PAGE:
Dear Lord, forgive me, Though I know that I am sinless.
And curse those that commit The Seven Deadly Sins without remorse Over and Over again.
The greedy, The lustful, Those who set their wrath On innocent ones like me; And also those who Drink in excess, And gamble, and partake Of other games of Satan.
But promise this humble servant of yours That this Saturday This ticket will be the one, And don't tell my wife, About Sara, And Kate, And Phoebe.
By Miriam Perthania
It wasn't going to be long before someone got round to writing The Lottery Poem. In fact, it could become a genre. The speaker in this one combines a nice mockery of brazen penitence with an almost evangelical hypocrisy. What clinches it for me is the ending - the Lord keeping a secret, the wife kept in the dark, and the girlfriends in line for a share of the bonanza. Wicked stuff.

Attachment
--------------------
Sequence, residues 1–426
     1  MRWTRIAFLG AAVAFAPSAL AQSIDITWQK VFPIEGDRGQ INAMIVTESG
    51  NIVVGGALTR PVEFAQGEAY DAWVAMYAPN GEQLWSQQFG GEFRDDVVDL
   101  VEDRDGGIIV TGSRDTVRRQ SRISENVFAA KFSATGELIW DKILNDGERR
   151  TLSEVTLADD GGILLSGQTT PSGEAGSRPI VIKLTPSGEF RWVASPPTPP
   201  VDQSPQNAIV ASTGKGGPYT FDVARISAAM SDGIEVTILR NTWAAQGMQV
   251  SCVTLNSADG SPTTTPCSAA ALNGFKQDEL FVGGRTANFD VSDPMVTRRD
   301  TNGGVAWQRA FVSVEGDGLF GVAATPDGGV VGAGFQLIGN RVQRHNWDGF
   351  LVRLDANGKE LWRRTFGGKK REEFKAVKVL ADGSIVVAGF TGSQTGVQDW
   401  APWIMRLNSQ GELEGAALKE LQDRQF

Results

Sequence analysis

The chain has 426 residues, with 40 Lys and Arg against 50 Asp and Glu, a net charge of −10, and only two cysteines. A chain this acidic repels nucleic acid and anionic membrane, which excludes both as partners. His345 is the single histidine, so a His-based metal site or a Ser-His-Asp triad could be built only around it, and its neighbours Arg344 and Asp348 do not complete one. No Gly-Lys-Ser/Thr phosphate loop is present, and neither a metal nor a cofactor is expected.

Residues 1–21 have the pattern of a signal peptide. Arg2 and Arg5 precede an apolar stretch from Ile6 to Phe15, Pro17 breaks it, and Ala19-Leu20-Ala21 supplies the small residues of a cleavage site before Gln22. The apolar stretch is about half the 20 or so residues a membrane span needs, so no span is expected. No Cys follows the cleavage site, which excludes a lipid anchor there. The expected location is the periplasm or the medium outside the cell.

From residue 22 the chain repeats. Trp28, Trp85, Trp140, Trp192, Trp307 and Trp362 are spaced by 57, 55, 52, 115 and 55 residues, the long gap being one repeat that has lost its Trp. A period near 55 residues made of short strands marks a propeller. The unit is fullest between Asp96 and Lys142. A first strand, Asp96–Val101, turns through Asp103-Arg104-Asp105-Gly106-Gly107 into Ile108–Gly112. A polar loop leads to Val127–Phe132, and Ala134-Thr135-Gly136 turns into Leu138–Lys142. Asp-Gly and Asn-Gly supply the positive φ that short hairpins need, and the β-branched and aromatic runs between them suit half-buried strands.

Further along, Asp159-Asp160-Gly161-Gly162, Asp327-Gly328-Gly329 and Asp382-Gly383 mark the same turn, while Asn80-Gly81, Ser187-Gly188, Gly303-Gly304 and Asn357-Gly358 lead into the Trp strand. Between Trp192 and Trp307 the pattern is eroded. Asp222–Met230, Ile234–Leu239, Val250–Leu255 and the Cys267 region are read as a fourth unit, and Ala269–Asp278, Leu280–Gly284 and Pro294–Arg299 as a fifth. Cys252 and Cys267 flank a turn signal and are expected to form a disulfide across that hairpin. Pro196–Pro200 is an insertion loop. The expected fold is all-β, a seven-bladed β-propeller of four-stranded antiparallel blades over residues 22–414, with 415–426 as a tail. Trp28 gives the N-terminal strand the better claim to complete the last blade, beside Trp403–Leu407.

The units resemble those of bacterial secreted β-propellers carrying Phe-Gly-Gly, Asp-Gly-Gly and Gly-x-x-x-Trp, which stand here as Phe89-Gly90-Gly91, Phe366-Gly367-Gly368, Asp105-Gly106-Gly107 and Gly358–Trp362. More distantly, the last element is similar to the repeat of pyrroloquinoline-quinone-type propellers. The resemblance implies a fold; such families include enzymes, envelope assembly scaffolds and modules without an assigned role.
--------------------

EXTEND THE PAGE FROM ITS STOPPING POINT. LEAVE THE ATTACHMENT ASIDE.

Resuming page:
Miriam Perthania, aged 14, receives Back by Midnight by John Mole (Puffin). Submitted by Bob Beale of Pate's Grammar School, Princess Elizabeth Way, Cheltenham, Gloucestershire GL51 0HG, who receives a set of Poetry Society posters with teacher's notes. For Poetry Society events, ring 0171 240 2133.